In brief – London in the Georgian Golden Age —Page 2

Cheapside in 1750 with St.Mary-le-Bow church on the right.

George III took an interest in architecture, although not necessarily in grand schemes. He purchased Queen’s House – the former Buckingham House – at the western end of St.James’s Park in 1762 and had it altered into a town house where his growing library could be kept. From 1796 he had extensive work carried out at Windsor Castle, helping to increase the popularity of the gothic style. In 1804 Windsor became the main royal palace, where George and his family resided for most of the time.

Britain was at war from the 1740s until the 1760s and little major new building development took place in London, causing a housing shortage. With the end of the conflict landowners once again looked to profit by creating new estates. Henry Portman laid out Portman Square on fields to the north of Tyburn, the modern-day Marble Arch, becoming a fashionable address following the building of Home House. The development continued with the creation of the adjacent square on the land of the Duke of Manchester. Portland Place was laid out northwards towards Marylebone Fields from Lord Foley’s house, wide enough not to obstruct his views.

A series of Building Acts during the 17th and 18th centuries ensured ever-safer methods of house construction but also led to a large amount of uniformity within each street or square, particularly in working class areas where terraces of houses were required to be built at the minimum cost.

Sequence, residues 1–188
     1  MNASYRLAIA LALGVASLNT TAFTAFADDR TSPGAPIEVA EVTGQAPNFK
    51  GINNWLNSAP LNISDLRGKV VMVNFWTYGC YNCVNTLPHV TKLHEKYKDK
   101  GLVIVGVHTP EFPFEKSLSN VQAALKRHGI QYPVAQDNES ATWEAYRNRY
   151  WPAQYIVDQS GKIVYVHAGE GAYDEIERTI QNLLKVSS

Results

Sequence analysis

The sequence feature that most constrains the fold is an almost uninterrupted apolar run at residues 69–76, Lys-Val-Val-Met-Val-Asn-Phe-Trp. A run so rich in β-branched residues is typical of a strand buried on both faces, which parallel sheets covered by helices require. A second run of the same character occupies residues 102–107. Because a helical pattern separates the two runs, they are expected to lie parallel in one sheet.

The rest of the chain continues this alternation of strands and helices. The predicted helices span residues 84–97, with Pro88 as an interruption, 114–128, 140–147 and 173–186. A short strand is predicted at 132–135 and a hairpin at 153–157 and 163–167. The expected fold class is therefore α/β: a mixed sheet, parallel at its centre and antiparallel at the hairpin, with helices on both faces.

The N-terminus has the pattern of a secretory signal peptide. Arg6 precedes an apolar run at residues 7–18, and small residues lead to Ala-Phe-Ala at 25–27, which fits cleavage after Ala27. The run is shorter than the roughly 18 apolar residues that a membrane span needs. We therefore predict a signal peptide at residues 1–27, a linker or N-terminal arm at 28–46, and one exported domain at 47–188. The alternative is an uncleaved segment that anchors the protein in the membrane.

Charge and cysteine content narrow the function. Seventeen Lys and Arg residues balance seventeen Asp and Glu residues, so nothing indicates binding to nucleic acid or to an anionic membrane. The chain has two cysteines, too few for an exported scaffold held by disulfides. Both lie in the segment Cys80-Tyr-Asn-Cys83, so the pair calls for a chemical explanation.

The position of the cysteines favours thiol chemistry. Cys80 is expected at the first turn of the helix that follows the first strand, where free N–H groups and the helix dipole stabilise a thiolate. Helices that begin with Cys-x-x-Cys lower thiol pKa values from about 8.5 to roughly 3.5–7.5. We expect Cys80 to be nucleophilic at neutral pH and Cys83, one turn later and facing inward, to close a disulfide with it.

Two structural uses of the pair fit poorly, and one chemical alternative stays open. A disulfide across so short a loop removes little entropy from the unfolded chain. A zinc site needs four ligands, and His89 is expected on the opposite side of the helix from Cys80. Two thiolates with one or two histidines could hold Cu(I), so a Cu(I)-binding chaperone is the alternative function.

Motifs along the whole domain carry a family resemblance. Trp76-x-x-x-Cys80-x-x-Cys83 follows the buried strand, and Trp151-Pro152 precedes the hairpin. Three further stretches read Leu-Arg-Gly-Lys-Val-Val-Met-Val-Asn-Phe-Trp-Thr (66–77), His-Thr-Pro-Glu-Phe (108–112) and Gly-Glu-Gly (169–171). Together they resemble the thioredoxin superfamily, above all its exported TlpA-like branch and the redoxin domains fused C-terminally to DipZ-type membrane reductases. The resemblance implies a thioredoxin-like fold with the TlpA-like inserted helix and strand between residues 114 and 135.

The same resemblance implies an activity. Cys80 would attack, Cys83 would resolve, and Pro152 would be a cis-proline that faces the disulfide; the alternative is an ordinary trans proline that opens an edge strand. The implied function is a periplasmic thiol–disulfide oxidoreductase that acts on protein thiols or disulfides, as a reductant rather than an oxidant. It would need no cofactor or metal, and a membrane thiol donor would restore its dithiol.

As London itself expanded so too did the villages around the capital. This was largely because of the growing middle class who could afford a country retreat away from the bustle and pollution, or those who simply did not need to be located within in the city. This process was helped by the improving state of the roads around London, making it possible to travel more easily and speedily from the countryside into the city by carriage. Some wealthy merchants, trades-people or professionals had large individual country houses built, particularly in the second half of the 18th century.

Old London Bridge remained congested and the City Corporation decided to build a new toll bridge from Blackfriars. Designed by the then unknown Scottish architect Robert Mylne, it was initially named William Pitt Bridge.

A fashionable, new meeting-place opened in Oxford Street in 1772 to rival Vauxhall Gardens. The Pantheon, a large neo-classical dome, was lit by a thousand candles and said to be the wonder of the century and of the British Empire. Robert Burford opened the Rotunda attraction in the north-east corner of Leicester Square in 1794, showing Robert Barker’s landscapes and cityscapes. The exhibition was updated annually, establishing Leicester Square as a place of entertainment ever since.

A minor political crisis occurred in 1763 when John Wilkes, MP for Westminster, accused the King and his ministers of lying, allegations he printed in his newspaper North Briton. He was subsequently charged with libel and expelled from Parliament. Despite being repeatedly re-elected by his constituents he was barred from taking his seat in what many saw as a snub to the rights of the public.